LL.M., Columbia Law School, 2015
Where collateral secures a contractual claim, a right in rem is created. This means it is not only enforceable between the parties to the loan agreement, but also against third parties. The purpose of a collateral arrangement is to protect the collateral taker against default risk relating to the collateral giver. In the event of default, the collateral taker can satisfy her claims using the delivered collateral. Collateral is used in different kinds of transactions. This post focuses on its use in financial transactions.
Collateral provided between financial entities is most often in the form of cash or securities (together, “financial collateral”). Acquiring financial collateral is one of the principal ways in which financial entities mitigate credit risk. Over time, special rules developed for financial collateral. One could argue, however, that the development of special rules for financial collateral was not a natural process, and rather, that it was the product of legal change. Before questioning why we treat financial collateral differently from conventional forms of collateral, we have to determine why there was an extension of the privilege of property rights to financial collateral in the first place. This is particularly important as the extension made the value extraction and wealth accumulation from financial collateral possible. And of course, this extension of property rights is still ongoing, and the boundaries of these rights are constantly challenged or expanded—a process which Professor Katharina Pistor terms the “inflation” of property rights.
The International Swaps and Derivatives Association (ISDA) played an important role in the development of the special rules for financial collateral. According to ISDA, legal uncertainty “seriously [impeded] the efficient use of collateral” and limited “the amount of business that could otherwise be done on a collateralised basis.” This concern spurred ISDA to argue for modification or disapplication of rules relating to conventional collateral when determining the rules for financial collateral. Morgan argues that the reason for this lobbying effort was to secure the enforceability of the ISDA Master Agreement under different national laws. Demand for legal change was strong and influence over lawmakers substantial, and as a consequence, in 2002 the Directive on Financial Collateral Arrangements (Directive) was adopted in the European Union. The objective was to create a uniform and standardized EU framework for financial collateral under both security interest and title transfer structures. The Directive also made certain rules relating to insolvency law (for example, close-out netting and top-up collateral rules) inapplicable to financial collateral arrangements. Moreover, it addressed the creation, validity, perfection, and enforceability of an interest in financial collateral under a financial collateral arrangement. Last but not least, it attempted to eliminate the re-characterization risk—the risk that a title transfer arrangement could be re-characterized as a security interest arrangement (pledge).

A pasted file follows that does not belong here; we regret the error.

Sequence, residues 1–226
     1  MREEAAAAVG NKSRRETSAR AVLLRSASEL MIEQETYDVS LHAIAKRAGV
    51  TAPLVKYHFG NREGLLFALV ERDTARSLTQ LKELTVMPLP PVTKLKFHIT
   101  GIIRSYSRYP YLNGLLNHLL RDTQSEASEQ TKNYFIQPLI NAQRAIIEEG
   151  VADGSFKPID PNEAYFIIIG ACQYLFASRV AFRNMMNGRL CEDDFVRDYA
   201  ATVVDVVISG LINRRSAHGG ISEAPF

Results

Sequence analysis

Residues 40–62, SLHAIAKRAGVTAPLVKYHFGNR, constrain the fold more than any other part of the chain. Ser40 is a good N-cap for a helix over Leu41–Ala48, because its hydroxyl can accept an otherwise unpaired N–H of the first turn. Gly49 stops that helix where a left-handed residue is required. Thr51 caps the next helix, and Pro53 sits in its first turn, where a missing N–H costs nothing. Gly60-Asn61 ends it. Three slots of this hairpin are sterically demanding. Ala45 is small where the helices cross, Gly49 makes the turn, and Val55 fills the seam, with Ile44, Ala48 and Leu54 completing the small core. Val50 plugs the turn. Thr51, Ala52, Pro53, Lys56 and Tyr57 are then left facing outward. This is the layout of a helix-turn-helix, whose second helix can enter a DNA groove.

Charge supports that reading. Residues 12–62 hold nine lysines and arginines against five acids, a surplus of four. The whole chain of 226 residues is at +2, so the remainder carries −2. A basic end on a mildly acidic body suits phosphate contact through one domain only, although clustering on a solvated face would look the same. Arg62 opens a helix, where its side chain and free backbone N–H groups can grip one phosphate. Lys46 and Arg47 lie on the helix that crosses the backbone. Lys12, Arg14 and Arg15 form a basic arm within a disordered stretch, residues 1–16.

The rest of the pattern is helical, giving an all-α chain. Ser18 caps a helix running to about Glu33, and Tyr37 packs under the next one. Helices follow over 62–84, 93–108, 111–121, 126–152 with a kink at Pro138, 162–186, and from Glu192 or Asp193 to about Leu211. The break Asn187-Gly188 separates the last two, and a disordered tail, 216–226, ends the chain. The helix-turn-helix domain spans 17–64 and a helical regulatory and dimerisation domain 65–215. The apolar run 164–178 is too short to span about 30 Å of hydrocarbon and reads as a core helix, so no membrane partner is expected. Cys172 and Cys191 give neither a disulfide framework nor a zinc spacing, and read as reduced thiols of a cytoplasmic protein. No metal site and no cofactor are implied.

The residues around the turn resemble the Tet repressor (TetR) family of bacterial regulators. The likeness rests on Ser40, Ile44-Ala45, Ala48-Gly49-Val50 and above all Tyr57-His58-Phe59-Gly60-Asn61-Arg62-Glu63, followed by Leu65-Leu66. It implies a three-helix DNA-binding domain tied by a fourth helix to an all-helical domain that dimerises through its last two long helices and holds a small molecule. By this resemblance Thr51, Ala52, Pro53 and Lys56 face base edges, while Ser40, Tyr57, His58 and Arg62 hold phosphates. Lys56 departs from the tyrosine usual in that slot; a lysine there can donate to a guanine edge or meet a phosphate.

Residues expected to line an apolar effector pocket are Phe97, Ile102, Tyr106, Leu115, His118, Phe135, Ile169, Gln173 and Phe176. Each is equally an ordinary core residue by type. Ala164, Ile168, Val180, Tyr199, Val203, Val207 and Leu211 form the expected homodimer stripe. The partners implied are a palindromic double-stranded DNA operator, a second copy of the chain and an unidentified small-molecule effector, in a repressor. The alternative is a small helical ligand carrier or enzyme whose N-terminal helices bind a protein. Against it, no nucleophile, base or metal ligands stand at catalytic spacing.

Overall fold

In Germany the Directive was implemented in 2004 by a single act of the legislature, which amended existing rules and integrated new rules into existing national legislation. Germany has chosen to apply the Directive as a device for dealing with problems that might arise with contracts between certain financial entities using, for example, financial derivatives, involving security being taken over only financial collateral. As an example of this, Germany implicitly refused to implement the right to use—or at least the legislature believed (rightly or wrongly) that it did not have to change anything. Rather the legislature left it to the courts to determine the right of use on a case-by-case basis.
There are good policy reasons for having a legal regime that provides for a more uniform basis for the taking of financial collateral. For example, a harmonized legal regime can set a level playing field for financial entities based across the EU, encouraging them to undertake more transactions, which in turn would lead to increased liquidity in the market. However, as argued by Professor Katharina Pistor, law can also cause the corrosion of the efficacy of system-stabilizing laws and regulations because it creates regulatory pluralism.
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 Katharina Pistor, Law and the Financialization of Wealth 4 (Jun. 24, 2014) (unpublished manuscript) (on file with author).
 See Int’l Swaps and Derivatives Ass’n, Collateral Arrangements in the European Financial Markets, The Need for National Law Reform 4 (2000).
 Glenn Morgan, Market Formation and Governance in International Financial Markets: The Case of OTC Derivatives, 61 Hum. Rel. 637, 637 (2008).
 See Parliament and Council Directive 2002/47/EC, On Financial Collateral Arrangements, 2002 O.J. (L 168) 43.
 Parliament and Council Directive 2002/47/EC, supra note 4, Preamble ¶ 3.
 Id. Preamble ¶ 5.
 Id. Preamble ¶ 9.
 Id. Preamble ¶ 13.
 Katharina Pistor, A Legal Theory of Finance, 41 J. Comp. Econ. 315, 328 (2013).